Saturday, January 21, 2012

The Absurd and How To Deal With It

Why should anyone care about the theater of the absurd?  I found myself arguing about this with a colleague a while back.  We’ been thinking about a graduate seminar on the culture of the first half of the 20th century, and arguing about what to include in the impossibly ambitious syllabus.  I’d made a case for including Beckett, and my colleague, a historian, had argued against including him.  When pressed, I found I had little to say about the historical significance of Beckett’s work or, indeed, about the significance of any works in the theater of the absurd.  And yet I felt, and still feel, that there’s something important about Arrabal and Beckett and Ionesco and all the rest, something of social significance, not limited to the particulars of any particular play.  It’s just such a strange thing to have happened, the theater of the absurd.  But what’s important about it?  I know the issue’s been eating at me, since I dreamed, the other night, about Foursome, one of Ionesco’s short plays.  I went back and read it yesterday, and somewhere about halfway through the things I wished I could have said to my colleague started to become clear to me.  In the end, I think the flourishing of the theater of the absurd in the 1940s and 50s tells us a great deal about the position of the arts in society during that time, and about the alienation of artists from the larger culture around them.

My personal touchstone for the idea of absurdity comes from a passage in Camus in which we’re told about a man talking on a telephone in one of those old-fashioned glassed-in phone booths.  The man talks but, says Camus, “we cannot hear him beyond the glass partition, but we can see his senseless mimicry. We wonder why he is alive.”  The man’s expressions and gestures have the form of an emotionally engaged person, but from our position beyond the glass we are deprived of any meaningful context for those gestures.  We have the forms of life without any meanings or values attached to them — and that is the world of the absurd, of a universe that refuses to give us any transcendent values.  The theater of the absurd works this way, giving us the elements of meaningful drama without much by way of a specific meaning attaching to them.  It’s important, for example, that the Godot of Waiting for Godot is never specified: is Godot God, or the Revolution, or the bearer of wealth or significant messages?  No.  He’s an empty signifier, and so his arrival or non-arrival become deprived of specific meaning.  The hijinks and pratfalls and yearning speeches of Vladimir and Estragon have the form of meaningful yearning and frustration, but they’re not attached to any specific object, so in the end they are difficult to judge, or sympathize with.  They are the gestures of the man on the other side of the phone booth’s glass.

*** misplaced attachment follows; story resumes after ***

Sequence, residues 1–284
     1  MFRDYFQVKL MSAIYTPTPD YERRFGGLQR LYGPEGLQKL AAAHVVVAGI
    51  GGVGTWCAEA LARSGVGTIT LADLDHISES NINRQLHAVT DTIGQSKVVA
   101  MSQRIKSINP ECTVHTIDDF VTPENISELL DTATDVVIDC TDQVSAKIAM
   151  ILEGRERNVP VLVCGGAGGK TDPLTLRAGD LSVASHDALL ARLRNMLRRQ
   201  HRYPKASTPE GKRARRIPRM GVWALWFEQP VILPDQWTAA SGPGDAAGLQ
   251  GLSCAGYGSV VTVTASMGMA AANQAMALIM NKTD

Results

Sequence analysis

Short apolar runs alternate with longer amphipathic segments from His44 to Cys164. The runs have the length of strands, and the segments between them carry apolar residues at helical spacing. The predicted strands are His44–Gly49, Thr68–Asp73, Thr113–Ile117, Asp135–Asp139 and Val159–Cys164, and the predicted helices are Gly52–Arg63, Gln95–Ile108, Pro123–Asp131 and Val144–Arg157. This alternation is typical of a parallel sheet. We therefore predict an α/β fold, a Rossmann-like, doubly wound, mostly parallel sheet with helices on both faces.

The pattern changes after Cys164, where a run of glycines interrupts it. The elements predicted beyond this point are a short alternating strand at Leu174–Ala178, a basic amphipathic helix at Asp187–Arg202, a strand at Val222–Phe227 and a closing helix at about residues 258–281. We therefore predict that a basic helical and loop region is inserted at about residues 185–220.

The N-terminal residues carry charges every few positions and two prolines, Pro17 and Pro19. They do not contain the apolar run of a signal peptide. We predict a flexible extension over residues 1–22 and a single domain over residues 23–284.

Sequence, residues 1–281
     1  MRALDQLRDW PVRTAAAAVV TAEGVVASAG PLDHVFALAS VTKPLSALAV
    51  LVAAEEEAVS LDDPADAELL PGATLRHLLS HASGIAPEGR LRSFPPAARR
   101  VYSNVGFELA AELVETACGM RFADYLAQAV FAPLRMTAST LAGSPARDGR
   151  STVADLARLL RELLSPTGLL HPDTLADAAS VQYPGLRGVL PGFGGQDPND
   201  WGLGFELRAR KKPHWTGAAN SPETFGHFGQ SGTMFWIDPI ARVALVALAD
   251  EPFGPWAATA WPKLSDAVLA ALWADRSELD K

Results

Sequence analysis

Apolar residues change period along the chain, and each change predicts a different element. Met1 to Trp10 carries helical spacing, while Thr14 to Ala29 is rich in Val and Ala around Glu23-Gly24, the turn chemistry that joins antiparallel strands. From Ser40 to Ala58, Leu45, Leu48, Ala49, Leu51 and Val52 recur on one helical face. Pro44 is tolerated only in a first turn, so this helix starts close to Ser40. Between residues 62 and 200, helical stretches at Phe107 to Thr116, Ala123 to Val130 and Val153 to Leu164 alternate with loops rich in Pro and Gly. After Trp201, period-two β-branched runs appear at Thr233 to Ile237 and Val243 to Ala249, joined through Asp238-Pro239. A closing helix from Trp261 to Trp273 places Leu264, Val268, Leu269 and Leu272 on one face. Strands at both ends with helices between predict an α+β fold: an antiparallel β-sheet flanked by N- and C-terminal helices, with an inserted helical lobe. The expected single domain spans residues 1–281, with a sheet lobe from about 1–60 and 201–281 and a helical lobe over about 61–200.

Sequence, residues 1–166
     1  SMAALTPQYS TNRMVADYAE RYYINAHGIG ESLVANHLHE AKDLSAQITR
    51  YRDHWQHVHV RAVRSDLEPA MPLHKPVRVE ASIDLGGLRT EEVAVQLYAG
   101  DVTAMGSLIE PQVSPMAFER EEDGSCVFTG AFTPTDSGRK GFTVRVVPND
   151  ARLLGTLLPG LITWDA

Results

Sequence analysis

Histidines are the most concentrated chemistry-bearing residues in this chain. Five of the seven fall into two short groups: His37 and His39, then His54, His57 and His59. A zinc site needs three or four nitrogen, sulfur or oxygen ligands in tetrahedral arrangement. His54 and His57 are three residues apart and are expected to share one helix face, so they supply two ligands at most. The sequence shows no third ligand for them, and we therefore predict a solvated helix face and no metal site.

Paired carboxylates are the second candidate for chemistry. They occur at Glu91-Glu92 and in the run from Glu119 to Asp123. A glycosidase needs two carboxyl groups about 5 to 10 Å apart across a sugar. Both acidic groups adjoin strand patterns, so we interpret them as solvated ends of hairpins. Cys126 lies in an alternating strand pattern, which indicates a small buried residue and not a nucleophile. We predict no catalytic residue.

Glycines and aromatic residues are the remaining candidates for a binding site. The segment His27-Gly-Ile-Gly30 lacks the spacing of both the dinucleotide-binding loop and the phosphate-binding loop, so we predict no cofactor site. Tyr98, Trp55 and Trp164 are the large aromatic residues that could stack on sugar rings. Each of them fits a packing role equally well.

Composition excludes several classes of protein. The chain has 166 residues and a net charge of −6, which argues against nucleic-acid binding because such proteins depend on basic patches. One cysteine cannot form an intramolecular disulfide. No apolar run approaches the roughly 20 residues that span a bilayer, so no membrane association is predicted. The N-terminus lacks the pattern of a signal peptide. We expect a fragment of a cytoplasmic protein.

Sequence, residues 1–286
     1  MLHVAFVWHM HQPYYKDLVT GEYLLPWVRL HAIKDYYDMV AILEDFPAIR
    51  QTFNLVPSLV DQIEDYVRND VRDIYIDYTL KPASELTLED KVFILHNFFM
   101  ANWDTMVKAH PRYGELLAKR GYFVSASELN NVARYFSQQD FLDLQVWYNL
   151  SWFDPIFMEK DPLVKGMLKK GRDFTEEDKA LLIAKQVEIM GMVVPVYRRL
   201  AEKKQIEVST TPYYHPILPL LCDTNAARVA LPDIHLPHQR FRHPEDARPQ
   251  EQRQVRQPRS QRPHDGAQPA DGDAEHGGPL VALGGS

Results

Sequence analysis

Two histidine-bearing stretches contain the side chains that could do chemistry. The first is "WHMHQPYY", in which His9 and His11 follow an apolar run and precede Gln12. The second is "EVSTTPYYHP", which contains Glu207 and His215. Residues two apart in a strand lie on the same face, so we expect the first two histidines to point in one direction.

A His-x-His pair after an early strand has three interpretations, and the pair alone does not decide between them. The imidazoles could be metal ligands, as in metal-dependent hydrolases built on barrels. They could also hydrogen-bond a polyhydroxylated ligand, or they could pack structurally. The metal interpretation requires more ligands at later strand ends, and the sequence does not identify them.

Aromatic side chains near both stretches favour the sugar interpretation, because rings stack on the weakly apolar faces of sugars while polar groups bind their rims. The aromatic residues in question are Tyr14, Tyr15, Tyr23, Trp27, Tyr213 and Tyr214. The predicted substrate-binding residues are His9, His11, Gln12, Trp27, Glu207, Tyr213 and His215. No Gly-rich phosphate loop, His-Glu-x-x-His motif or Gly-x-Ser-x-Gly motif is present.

Consider Ionesco’s Fourplay (or Scène a quatre).  Already the title indicates that we’re dealing with the form of drama more than the content.  It refers to the four characters in the one act — de-emphasizing content for form, just as the sight of the man on the phone behind glass emphasizes the form of his gestures, not the content of his conversation.  It’s as if Shakespeare, instead of calling his greatest play King Lear, chose to call it One Bad Decision and its Consequences.

The play opens with a scene that is a kind of abstract, version of the core of drama: we have two characters in conflict.  But the conflict is without any content.  Two characters pace around, going in circles in opposite directions.  When they collide, they speak and reverse direction:


It’s primal dramatic stuff to begin with a conflict, but here the conflict is without any kind of content, at least not that we know about, nor do we find out about it as the conflict elaborates.  There is no way to pick sides, no one with whom to sympathize.  The two characters are even costume identically, so it is impossible to find some value system based on visual cues (a landlord vs. a proletarian, for example).  In Lear Shakespeare gave us the selfish, scheming modern individualism of Edmund vs. the traditional feudal loyalty of Edgar, so there was something emotional, political, and ethical at stake in their conflict.  Ionesco’s giving us nothing — he keeps the glass wall up between us and these characters, allowing us to see their gestures and their conflict without letting us attach value to that conflict.  The absurd, indeed!